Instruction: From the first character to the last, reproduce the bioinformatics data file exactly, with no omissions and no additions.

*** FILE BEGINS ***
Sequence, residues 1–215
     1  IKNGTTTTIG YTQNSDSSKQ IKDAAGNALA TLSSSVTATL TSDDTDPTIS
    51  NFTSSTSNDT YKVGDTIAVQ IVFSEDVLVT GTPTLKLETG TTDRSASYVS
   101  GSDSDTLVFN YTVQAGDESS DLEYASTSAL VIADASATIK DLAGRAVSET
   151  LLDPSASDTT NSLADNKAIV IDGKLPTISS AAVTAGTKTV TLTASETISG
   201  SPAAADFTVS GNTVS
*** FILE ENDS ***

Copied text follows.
Sequence, residues 1–215
     1  IKNGTTTTIG YTQNSDSSKQ IKDAAGNALA TLSSSVTATL TSDDTDPTIS
    51  NFTSSTSNDT YKVGDTIAVQ IVFSEDVLVT GTPTLKLETG TTDRSASYVS
   101  GSDSDTLVFN YTVQAGDESS DLEYASTSAL VIADASATIK DLAGRAVSET
   151  LLDPSASDTT NSLADNKAIV IDGKLPTISS AAVTAGTKTV TLTASETISG
   201  SPAAADFTVS GNTVS